In this edition of The Talking Game, Bundesliga editor Aditya Balaram interviews the midfield maestro of the U.S Women’s National Team, Heather O’Reilly. O’Reilly has a lot to say about her time in North Carolina, the new club system in the U.S and a whole lot more.
The U.S Women’s team has been at the center of success in the sport, boasting four Olympic triumphs and two World Cup victories. Over the past eleven years Heather O’Reilly has been an integral part of the setup, having amassed a massive total of 185 caps at just 28. O’Reilly has already had a fair share of big moments which include scoring the winner in the 2004 Olympics semi final against Germany and netting the equaliser against North Korea in the 2007 World Cup.
Aditya Balaram: Unlike in many other countries, women’s football is almost on par with men’s football in the USA. What would you attribute this to?
Heather O’Reilly: I think we still have a long way to go with women’s soccer in our country in terms of awareness and TV exposure and things like that, but we sure are proud of how far we have come. I think early on, the USA women’s soccer team had a winning mentality, and very good athletes. That is a great combination. Along with that, we are marketable women, and people want to root for us. We hope, along with the men’s team, that soccer will continue to grow here.
Q: What was it like to find out that you would be representing your country at the ripe age of 17? Did your joy overpower the tension or was it the other way round?
O’Reilly: I was very nervous coming in at a young age, but when you are young you also feel like you have nothing to lose! I think I turned that feeling into a positive thing for me and just kept telling myself that I was there for a reason. The coaches believed in me and I figure it was time to believe in myself.
Q: Having been called up to the national team at such a young age was there ever an inkling of worry about being called up too early?
O’Reilly: I was very aware of players that came in young and sort of ‘fizzled out.’ I just focused on being the best ‘me’ I could be every day. I think that has helped me stay at the highest level for a long time.
O’Reilly: My time at UNC was huge for my development as a player. Although I was always competitive, the environment with the UNC women’s soccer program fosters competitiveness to another level. I learned there what the difference is between winning and losing. A lot of times, it is the willingness to take risks. Sometimes it is the willingness to push your body physically past what is comfortable. All the time it is bringing what you can control to the table every single day, which is your attitude and work ethic.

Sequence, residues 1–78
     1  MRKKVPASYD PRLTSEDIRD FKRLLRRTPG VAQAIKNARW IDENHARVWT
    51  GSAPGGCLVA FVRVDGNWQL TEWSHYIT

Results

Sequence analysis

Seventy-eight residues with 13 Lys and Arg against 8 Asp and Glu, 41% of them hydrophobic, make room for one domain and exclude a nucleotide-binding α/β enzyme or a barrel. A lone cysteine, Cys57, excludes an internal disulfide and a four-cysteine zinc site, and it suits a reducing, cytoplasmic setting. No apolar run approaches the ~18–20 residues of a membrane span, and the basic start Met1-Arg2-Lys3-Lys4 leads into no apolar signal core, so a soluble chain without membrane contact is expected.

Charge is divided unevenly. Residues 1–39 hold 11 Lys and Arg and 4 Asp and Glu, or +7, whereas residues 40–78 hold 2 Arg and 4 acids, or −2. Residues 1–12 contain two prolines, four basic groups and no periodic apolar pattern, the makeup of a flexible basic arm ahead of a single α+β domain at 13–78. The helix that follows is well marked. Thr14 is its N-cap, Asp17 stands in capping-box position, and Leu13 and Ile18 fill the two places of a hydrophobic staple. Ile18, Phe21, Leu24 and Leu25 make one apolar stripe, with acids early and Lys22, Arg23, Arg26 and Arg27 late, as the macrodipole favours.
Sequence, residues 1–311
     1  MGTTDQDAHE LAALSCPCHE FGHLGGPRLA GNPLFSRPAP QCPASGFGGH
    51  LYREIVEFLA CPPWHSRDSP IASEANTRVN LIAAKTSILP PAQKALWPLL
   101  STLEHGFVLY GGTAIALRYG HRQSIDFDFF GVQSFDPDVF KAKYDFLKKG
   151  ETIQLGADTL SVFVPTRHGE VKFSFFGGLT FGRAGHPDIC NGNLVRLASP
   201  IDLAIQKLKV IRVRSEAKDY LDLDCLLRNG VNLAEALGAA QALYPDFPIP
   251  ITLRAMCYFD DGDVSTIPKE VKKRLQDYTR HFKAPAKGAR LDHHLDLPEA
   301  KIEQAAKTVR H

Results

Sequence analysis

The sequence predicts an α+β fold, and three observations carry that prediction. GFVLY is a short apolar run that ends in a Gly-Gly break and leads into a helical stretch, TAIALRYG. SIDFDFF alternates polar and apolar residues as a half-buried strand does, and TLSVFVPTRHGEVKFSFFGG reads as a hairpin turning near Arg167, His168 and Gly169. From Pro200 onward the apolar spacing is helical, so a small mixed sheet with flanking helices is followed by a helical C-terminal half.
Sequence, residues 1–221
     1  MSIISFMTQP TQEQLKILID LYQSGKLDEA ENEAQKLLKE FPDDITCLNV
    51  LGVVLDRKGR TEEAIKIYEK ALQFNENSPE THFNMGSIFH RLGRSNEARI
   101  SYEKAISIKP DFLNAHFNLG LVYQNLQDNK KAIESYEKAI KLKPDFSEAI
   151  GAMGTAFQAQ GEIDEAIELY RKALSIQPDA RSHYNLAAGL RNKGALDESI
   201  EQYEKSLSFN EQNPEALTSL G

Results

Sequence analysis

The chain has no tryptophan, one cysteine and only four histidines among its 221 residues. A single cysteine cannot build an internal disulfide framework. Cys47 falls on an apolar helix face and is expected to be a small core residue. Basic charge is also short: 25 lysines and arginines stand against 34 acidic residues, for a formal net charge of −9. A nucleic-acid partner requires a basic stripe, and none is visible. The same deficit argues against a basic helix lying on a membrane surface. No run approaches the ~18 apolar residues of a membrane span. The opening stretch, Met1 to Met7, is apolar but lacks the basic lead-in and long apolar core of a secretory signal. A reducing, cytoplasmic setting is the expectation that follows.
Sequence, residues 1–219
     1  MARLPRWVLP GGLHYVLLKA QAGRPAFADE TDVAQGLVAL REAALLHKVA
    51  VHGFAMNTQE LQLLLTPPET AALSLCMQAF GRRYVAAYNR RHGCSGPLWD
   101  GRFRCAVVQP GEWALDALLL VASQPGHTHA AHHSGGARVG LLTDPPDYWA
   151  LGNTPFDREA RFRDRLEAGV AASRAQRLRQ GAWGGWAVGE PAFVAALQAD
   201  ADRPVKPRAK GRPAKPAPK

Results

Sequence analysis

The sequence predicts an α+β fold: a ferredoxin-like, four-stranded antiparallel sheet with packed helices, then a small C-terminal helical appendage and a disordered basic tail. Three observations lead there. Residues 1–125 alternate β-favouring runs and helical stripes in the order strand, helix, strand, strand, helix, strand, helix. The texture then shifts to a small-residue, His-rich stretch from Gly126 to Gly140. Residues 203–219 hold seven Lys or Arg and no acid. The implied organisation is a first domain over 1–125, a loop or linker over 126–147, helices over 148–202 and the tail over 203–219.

Q: Do you think college soccer is a better system at the youth level than playing at the youth outfit of a professional club?
O’Reilly: In the U.S. it is different than around the world. For female soccer, the college game is still the best system. There have been some women who have chosen another path, but I am thankful for my time at college because I got the best of all worlds, a great footballing experience, a world class education, and four years of critical personal development. I wouldn’t trade my time there for anything.
Q: You’ve been involved in some incredibly important goals that have helped the USWNT. If you had to choose one special goal, which one would it be?
O’Reilly: I have been lucky to have scored some great goals for the U.S., but my favorite one was in the 2004 Olympic semifinal against Germany. I was a late sub and I received a ball from Mia Hamm, my idol. I helped a group of veteran players bow out with a gold medal so you can’t get much better than that.
Q: How highly do you rate the club football system in the USA? Is it better for players to look to move to the European leagues?
O’Reilly: We are trying to grow the professional league here in the U.S. with a new professional league called the National Women’s Soccer League. Although perhaps it will take a few years to work out some growing pains, I feel like we have the deepest league in terms of competitiveness from the top team to the bottom team and that makes every single weekend a battle. And that is favorable for our development.
Q: The USWNT really seems to favor the Olympics rather than the World Cup. Why is this the case? Which do you consider to be the more prestigious tournament?
O’Reilly: Both are hugely important. We as a team are hungry to have a World Cup title again and have some of the success that we have had at the Olympics.
Q: With the next World Cup two years away, the likes of Abby Wambach, Shannon Boxx and Christie Rampone could have hung up their boots by then. Are you confident that such influential players can be replaced by then?
O’Reilly: They are incredible players and I feel like they still have some great football ahead of them. There is also a good group of young players always knocking at the door so right now it’s a great mix.
Q: At 28 you’ve already managed a mind boggling 185 caps. Do you fancy yourself catching up with Kristine Lilly by the time you’re done playing with the sport?
O’Reilly: I don’t think what Kristine Lilly did will likely ever be done again. I will try to take it one year and one game at a time. Playing for the US for 180-plus games so far has been an absolute honor.
Q: Any chances we might see you sporting the captain’s armband in a few years, maybe even at the World Cup?
O’Reilly: We have a lot of incredible leaders in the U.S. group. I just try to lead by example every day.
TheHardTackle would like to thank Heather O’Reilly for taking her time off and answering our questions and also the Press Officer of the U.S Women’s National Soccer Team, Aaron Heifetz, for helping us conduct the interview.